As part of a new faculty research effort called Research Schools, Professor Kurt Fischer hopes to bridge the gap between research and practice, and build a new foundation for promoting strong, useful educational research.
Through Research Schools, Fischer wants to create a model collaboration between a school and a university based on two-way interaction between research and practice. Ultimately, the goal is for research to directly affect the education process, and at the same time, for educational issues to shape the research agenda. Fischer will work closely with neurologist and neuroscientist Antonio Damasio, a professor at the University of Southern California with a strong commitment to building the research-practice relationship.
“The goal of this program is to build a new kind of school-university partnership that provides a solid, long-term foundation for meaningful connection of research and practice,” Fischer says. “In the same way that teaching hospitals ground biological research in medical practice, Research Schools will ground educational research in school practice.”
In November, an initial workshop held at the Ross School in East Hampton, NY — the first slated research school — focused on establishing a core group of scientists and educators capable of integrating research and practice and who are committed to working together on the development of the research school model. The Ross School finds HGSE working with the Steinart School of Education at New York University (NYU) to establish the research school model.
“I see a clamor on one hand for a more intimate, reciprocal, and respectful relationship between scholars based in universities and folks working day-to-day in schools,” said Professor Marcelo Suárez-Orozco, codirector of immigration studies at NYU with Professor Carola Suárez-Orozco. “The forefront of this fundamental contribution will really define the ethos of how schools of education go about their work,”
Professors Suárez-Orozco attended the Ross School workshop in November, along with HGSE Lecturers Terrance Tivnan and David Rose, Professor Howard Gardner, doctoral students Zachary Stein and Katie Heikkinen, and alumni Mary Helen Immordino-Yang and Jin Li.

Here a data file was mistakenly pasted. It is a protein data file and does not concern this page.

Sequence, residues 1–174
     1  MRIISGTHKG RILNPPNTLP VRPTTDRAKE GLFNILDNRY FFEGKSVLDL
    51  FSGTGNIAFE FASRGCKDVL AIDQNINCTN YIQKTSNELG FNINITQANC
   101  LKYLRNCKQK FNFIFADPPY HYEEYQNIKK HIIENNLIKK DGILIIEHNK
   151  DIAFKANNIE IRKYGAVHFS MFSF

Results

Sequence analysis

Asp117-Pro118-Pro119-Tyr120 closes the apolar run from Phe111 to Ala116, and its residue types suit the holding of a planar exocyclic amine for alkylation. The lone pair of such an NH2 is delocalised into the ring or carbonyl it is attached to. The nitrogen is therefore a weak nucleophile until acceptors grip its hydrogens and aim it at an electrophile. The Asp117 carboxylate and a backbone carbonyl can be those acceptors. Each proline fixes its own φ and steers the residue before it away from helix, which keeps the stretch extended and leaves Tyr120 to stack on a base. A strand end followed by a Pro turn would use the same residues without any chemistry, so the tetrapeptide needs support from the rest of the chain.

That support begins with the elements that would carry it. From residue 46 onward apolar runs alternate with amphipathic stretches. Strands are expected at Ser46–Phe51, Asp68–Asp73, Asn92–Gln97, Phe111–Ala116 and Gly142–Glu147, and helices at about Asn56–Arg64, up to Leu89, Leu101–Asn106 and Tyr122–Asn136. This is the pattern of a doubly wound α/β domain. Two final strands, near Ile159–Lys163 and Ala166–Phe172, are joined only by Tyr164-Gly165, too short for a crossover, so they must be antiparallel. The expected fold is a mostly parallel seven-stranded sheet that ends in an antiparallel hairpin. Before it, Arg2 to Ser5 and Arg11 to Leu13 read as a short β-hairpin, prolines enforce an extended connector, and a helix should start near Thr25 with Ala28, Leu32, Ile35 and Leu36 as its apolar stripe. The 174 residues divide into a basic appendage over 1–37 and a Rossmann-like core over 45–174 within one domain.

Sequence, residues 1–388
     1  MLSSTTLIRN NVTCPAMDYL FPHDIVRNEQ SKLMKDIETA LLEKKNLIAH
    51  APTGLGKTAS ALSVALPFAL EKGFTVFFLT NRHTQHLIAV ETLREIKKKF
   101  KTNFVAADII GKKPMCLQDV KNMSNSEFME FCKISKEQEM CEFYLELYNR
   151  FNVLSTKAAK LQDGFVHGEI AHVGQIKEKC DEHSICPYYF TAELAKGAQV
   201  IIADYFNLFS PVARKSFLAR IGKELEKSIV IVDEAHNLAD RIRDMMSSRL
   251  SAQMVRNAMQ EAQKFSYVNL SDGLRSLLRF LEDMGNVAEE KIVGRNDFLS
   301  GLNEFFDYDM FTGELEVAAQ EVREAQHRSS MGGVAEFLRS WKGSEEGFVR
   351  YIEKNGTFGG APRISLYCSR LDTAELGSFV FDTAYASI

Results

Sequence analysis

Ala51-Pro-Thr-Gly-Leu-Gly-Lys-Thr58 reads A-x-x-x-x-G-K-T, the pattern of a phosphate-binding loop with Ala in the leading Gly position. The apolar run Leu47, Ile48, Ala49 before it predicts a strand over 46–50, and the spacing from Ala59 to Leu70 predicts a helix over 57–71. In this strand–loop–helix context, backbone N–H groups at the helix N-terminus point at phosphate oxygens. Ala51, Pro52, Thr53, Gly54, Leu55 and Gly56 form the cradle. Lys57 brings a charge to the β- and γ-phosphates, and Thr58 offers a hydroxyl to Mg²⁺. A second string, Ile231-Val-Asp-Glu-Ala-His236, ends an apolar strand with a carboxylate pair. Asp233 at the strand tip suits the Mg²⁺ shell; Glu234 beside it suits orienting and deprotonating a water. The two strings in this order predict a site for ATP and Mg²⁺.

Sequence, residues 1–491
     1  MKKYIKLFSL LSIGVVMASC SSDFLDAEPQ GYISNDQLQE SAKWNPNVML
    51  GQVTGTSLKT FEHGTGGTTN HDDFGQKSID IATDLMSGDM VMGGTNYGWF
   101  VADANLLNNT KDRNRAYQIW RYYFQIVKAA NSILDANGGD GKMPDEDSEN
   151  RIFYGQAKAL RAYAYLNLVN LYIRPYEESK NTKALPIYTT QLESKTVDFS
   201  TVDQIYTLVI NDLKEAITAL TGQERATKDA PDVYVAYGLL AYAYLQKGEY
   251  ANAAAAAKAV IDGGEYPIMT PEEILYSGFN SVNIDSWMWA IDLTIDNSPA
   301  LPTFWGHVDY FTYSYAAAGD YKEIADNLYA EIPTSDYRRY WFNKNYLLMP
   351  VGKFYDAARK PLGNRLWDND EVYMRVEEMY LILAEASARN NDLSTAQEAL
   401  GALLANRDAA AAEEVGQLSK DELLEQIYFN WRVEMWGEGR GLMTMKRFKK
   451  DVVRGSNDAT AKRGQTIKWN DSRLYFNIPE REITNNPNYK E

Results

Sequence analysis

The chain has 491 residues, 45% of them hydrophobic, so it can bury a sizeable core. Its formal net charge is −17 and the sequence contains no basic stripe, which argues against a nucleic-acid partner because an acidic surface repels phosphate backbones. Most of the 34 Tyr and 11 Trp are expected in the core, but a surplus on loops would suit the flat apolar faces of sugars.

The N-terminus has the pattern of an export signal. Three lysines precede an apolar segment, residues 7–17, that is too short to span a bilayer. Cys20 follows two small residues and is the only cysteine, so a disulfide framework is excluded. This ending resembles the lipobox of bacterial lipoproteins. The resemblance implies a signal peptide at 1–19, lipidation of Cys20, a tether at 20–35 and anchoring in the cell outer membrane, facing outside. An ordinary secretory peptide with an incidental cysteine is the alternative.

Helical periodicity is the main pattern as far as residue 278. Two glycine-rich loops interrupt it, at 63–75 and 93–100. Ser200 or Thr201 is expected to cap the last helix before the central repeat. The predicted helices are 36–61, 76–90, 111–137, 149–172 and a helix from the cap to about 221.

“The Ross Schools constitute a major attempt to envision schools for the 21st century. The three current sites serve very different populations: immigrant children in Stockholm, inner city children in lower Manhattan, and a large middle class (though not affluent) population on Long Island,” Gardner says. “Despite these differences, the schools share a vision, which includes a curriculum grounded in cultural history, considerable interdisciplinary work, individualized attention, and a large space for artistic and other projects. Clearly the schools are not marching to the edicts of No Child Left Behind.”
At the workshop, Gardner led a discussion on ethical issues with Ross School teachers and staff, as well as education researchers. “The Ross Schools hope to be pioneers in the intelligent and ethical use of biological measures of learning and engagement,” he says. “I was gratified by the sophistication of the discussion and the determination to sort issues out thoroughly before any research is undertaken.”
During a sabbatical next semester, Fischer will focus on building the research school model at the Ross Schools (the Ross School in East Hampton and the Ross Global Academy in Manhattan). He is also working with the Landmark School in Beverly, Mass., which teaches students with language-based learning disorders.
Doctoral student Zachary Stein, who researches the philosophy of education, is interested in watching this effort evolve.
“It’s intriguing to me philosophically as an alternative way of conceiving ethical research,” Stein says. “It may end up generating better knowledge. It will affect the way teachers understand themselves and could create a sense that they aren’t just the consumers, but participating in the production of knowledge.”
“The goal of this program,” according to Fischer, “is to build a new kind of school-university partnership that provides a solid, long-term foundation for meaningful connection of research and practice. In the same way that teaching hospitals ground biological research in medical practice, Research Schools will ground educational research in school practice.”